Praha - an unforgettable experience
- Aparna Mathur
e-mail: aparna94@gmail.com

July 29, 2010

For the longest time that I can remember, I have always dreamt of dancing on stage in my complete Bharatanatyam dance attire. In addition to the very emotive dance itself, the bright costumes and jewelery have always held a fascination for me and I visualized myself in it someday. Not in my wildest imagination would I have thought that this dream of mine would be realized at an international dance festival.

As an annual event, the New Prague Dance Festival provides a platform for aspiring dancers to showcase their dance styles. It beautifully reflects the vision of David and Roberta, the organizers, to bring diverse cultures together. While it is a competition, the bonhomie and a genuine desire to learn about other art forms is what defines the spirit of this festival.

After close to 5 months of practice, we were ready to take on the world! At the Delhi airport, the security fished furiously through Shradha's handbag to figure out the metallic beep. It was no coincidence that a small brass Ganesha in her bag was making his presence felt to wish us good luck. After a fairly comfortable 8 hour flight, we arrived to a warm welcome by the dance festival organizers; at the sparsely populated Prague Airport. Along with some more dancers from Switzerland, we zipped towards Hotel Ibis in the Old Town. At the hotel, we met with Lucy and Eva who would be our guide and coordinators for the festival. With the festival brochure and kit in hand, we checked into our rooms and hit the beds for the much needed sleep.

For a large part of the first two days, we had ample time to ourselves, so the 5 of us (Navya, Namita, Shradha, our guru Jyotsna Shourie and I) set out to explore the city. At the Old Town Square, we waited patiently for the Astronomical Clock to strike at the hour. The clock was an amusing sight to see - all parts of the tall tower had small puppets that set into motion when the gong struck 5. I thought it was a more elaborate and animated version of the conventional cuckoo clock. Come to think of it, there seems to be some fascination with clocks all across Europe. The clock tower is usually a well known landmark and one finds varied versions of clocks dotting the cities. The soothing sound of the several clock tower and church bells every hour gives me the goose bumps. While window shopping at exorbitantly priced but exquisite Swarovski crystal stores, we suddenly realized we had ambled quite far away from our hotel. Namita and I pored over the map to figure out what would be the best way to get back since retracing our steps was not an option. With signs of fatigue being voiced by some of us, we had to find a solution quickly. So with a faint knowing of an alternative short cut, we egged the group to move on. With a few breaks in between where we didn't lose the opportunity to ogle at some good looking cops closing in on miscreants, we found our way home. On our return, we flipped through the brochure to check the schedule of events. One complicated puzzle it turned out to be and had all five of us rendering our diverse interpretations of it. I still haven't understood why it carried several pages on arrivals and departures of groups to the theatre!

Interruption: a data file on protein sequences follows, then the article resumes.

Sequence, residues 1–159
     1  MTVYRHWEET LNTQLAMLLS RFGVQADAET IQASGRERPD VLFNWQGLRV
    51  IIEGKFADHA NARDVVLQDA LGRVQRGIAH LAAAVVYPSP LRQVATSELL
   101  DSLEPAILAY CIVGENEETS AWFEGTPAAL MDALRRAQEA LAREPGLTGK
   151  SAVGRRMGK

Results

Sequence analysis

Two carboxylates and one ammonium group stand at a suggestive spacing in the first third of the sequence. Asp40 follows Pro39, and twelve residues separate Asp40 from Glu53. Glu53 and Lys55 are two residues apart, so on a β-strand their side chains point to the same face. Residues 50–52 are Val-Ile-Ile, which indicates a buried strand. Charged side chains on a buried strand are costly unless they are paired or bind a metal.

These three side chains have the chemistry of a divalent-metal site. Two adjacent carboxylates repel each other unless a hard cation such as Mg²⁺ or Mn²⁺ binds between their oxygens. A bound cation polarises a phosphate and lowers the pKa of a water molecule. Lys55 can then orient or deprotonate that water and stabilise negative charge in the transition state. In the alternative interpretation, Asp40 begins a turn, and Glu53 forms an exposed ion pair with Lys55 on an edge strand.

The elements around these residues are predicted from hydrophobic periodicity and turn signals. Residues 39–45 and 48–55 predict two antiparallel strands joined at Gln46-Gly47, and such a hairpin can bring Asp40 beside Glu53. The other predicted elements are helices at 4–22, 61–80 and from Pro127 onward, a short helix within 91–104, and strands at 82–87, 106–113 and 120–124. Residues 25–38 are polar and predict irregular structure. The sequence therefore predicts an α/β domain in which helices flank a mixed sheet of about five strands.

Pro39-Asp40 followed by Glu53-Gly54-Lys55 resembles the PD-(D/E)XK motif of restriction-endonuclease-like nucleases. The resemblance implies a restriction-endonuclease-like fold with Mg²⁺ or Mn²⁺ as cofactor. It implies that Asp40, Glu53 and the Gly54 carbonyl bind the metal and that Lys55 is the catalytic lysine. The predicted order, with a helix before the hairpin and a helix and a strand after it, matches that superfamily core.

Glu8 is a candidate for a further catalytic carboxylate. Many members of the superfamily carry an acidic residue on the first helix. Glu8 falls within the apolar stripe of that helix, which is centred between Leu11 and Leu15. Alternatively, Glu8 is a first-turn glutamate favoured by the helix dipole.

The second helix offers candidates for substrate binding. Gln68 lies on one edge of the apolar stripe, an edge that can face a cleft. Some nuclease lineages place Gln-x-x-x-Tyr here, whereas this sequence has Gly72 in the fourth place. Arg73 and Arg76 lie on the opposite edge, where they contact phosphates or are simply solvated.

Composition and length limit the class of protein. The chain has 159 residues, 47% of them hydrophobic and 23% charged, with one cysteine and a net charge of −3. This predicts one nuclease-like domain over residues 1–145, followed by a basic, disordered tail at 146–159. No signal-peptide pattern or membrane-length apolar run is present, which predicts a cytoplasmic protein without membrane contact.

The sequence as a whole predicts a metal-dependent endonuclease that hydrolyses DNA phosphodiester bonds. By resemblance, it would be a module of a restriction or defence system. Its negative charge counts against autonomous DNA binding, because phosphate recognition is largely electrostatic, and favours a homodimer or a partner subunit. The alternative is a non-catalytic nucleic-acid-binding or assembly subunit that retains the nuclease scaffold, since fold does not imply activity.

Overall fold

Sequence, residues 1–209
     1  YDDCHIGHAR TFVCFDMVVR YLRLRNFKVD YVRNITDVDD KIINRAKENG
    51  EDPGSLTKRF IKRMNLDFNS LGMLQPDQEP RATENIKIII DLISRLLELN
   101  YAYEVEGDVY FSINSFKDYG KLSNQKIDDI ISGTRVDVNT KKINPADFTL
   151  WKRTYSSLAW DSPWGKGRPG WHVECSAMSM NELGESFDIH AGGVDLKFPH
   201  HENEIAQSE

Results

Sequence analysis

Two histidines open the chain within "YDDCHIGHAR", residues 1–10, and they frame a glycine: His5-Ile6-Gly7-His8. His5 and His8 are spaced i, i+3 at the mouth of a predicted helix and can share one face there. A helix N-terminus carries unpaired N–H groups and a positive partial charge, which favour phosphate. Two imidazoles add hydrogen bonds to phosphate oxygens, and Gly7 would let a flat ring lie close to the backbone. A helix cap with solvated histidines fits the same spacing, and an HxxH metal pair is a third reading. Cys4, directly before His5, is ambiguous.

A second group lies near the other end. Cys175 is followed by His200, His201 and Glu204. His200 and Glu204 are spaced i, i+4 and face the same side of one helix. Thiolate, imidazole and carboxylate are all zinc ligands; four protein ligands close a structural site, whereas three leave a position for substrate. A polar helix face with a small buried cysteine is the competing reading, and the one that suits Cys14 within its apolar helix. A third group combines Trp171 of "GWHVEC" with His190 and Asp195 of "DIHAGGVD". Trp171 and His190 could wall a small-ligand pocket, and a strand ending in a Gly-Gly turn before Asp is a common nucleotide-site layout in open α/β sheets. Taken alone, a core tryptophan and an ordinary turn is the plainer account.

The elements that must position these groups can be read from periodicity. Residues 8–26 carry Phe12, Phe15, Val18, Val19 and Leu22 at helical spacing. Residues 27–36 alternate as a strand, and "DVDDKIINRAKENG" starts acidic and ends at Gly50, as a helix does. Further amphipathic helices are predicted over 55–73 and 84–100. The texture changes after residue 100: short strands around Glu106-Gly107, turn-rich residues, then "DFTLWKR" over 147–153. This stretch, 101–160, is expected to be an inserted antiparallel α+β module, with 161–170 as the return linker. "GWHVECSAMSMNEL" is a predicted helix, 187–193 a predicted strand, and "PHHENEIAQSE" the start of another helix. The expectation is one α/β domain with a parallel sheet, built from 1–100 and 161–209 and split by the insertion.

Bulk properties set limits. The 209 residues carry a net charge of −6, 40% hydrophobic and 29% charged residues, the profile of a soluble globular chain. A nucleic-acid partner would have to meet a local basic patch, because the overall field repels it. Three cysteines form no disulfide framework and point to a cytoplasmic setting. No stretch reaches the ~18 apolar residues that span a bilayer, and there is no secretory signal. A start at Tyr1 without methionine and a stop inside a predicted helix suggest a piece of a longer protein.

The next day, Lucy guided us to the Narodini Divaldo, the National theatre which she said was a 10 minute walk from the hotel. At our pace, it turned out to be a 40 minute one! We realized how unaccustomed to walking we were and Lucy made no bones about saying so! The theatre was so huge that it needed a proper guided tour. The stage was ten times the size of the dance floor that we have been used to. The entire enormity of the place overawed us and it did show up in the dismal stage rehearsal we had later that evening. We were losing our balance and forgetting our steps and we wondered why! This episode reflected quite sweetly in Shradha's dream that night when I heard her mutter, "Please, please clap for us." With the way we had performed on our rehearsal day, she probably imagined there would be no applause at all! Every night after returning to the hotel, no matter how tired we were, a rehearsal was a must. Any open space we found was enough to get us started. On one occasion it even invited a complaint from the hotel! Our midnight practice and unending chat sessions over chai (made with tap water from the washroom!) were truly memorable experiences. We baulked at the idea of drinking out of the taps initially but got used to it later. In India we have been so conditioned to relating tap water to falling ill, that it did require some time to de-condition that thought. The force of the water flow made a filled up glass look misty initially causing a brief moment of horror. Of course, it settled down later to crystal clear water!